Douglas High senior earns Washington, D.C. trip, one of two from Nevada |

Douglas High senior earns Washington, D.C. trip, one of two from Nevada

by Merrie Leininger, staff writer

A Douglas High School senior was one of only two Nevada students picked to participate in the first Freedom Forum and Al Neuharth Free Spirit Awards in Washington D.C.

Leslie Pearson, 17, flew to Washington Thursday, Nov. 2, and spent the next couple of days in classes and workshops on the power of the First Amendment with journalism students from every state.

“They wanted us to get an understanding of the First Amendment and how journalists are protected by it and the responsibilities we have under it,” Leslie said. “They also wanted us to understand how politics and journalism go hand in hand.”

Leslie is production and design manager for DHS’s newspaper, the Tiger Beat, and has worked for The Record-Courier as a editorial assistant since January.

Her journalism teacher, Susan Bullard, nominated Leslie for the honor. She was asked to write a paper about herself and what she hopes to accomplish as a journalist.

“It was the first time they held this conference,” Leslie explained. “It was the kind of experience I wouldn’t get any other way. It was an all-expenses-paid trip, so I thought I would be stupid to turn it down.”

The students were kept moving over the two days from lectures and workshops, but they did have a few hours for touring the area. They visited the Capitol, the Library of Congress, the Lincoln Memorial, the Vietnam Memorial and the Korean War Memorial.

Back in class, Leslie said many speakers emphasized the importance of ethical, balanced writing. In a workshop, the students had to write the first couple of paragraphs of a story about a baseball player caught taking steroids without sensationalizing the event. The students also had to participate in a mock press conference to get information about a fire.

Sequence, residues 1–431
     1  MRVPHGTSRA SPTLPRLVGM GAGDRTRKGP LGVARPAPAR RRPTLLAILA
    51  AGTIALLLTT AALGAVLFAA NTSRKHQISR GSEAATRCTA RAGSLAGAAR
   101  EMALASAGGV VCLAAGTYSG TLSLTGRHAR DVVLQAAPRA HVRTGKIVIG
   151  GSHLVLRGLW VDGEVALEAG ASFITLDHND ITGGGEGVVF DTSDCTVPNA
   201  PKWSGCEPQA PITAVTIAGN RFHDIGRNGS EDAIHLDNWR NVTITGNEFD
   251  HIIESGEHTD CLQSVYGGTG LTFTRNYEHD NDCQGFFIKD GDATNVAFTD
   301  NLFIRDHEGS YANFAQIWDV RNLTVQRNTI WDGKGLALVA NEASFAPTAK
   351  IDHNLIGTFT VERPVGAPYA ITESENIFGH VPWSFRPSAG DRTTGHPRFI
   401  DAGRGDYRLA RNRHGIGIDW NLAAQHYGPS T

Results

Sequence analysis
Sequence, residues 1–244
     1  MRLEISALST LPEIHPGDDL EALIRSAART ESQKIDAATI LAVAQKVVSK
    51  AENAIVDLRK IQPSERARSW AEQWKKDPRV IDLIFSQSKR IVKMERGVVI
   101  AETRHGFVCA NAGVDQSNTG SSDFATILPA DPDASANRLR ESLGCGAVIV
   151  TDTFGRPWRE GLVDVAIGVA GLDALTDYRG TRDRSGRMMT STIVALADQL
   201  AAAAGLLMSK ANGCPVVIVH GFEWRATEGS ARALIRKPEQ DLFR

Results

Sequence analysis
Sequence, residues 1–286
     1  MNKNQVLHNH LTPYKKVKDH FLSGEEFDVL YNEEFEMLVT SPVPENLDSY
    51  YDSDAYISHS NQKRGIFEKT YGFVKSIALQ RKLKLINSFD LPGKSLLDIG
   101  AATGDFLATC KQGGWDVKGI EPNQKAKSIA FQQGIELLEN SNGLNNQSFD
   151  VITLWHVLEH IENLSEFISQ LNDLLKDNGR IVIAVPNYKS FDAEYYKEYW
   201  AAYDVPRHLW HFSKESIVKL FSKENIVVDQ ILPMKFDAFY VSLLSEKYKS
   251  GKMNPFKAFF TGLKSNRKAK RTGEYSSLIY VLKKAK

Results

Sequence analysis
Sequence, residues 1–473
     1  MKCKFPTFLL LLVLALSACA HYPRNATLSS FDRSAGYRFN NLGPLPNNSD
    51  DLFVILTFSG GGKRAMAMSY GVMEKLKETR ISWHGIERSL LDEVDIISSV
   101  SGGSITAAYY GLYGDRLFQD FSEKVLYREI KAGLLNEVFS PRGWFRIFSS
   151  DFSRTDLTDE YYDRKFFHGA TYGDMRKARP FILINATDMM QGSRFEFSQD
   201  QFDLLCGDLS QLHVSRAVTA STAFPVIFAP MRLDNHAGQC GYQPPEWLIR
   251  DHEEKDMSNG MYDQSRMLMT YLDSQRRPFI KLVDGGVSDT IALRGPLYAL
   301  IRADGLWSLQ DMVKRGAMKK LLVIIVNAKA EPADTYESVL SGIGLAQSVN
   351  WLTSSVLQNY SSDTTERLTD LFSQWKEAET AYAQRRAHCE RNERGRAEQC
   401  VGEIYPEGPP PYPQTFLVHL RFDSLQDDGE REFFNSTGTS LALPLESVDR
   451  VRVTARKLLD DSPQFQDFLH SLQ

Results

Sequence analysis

“We had to ask questions and take pictures. They made it more difficult by being very hesitant and it made us really think about the questions or they wouldn’t answer anything,” Leslie said. “It was tough.”

She said her favorite speaker was a photojournalist who covered wars in the former Yugoslavia and Bosnia. Leslie said most journalists either write or take photographs, but she hopes to do both.

“A lot of the journalists there told us to be as objective as possible, but he told us we have to have a human element to stories for people to respond to them. A lot of the others didn’t allow a lot of emotion into what they do.”

She said he told gripping stories from his time overseas and sparked her interest in foreign correspondence.

“The stories he told were unbelievable, but they still made you want to cover it and bring it back so people can understand it.”

Two student journalists from a high school paper in Avon, Indiana also spoke.

“Mostly through the whole conference, the journalists talking to us were adults, but having kids our age at a regular school newspaper was pretty inspiring,” she said.

The students won awards for doing an investigative story on varsity team members hazing younger athletes.

Leslie said she was glad for the experience.

“There was a lot more different perspectives and different experiences we could learn from,” she said.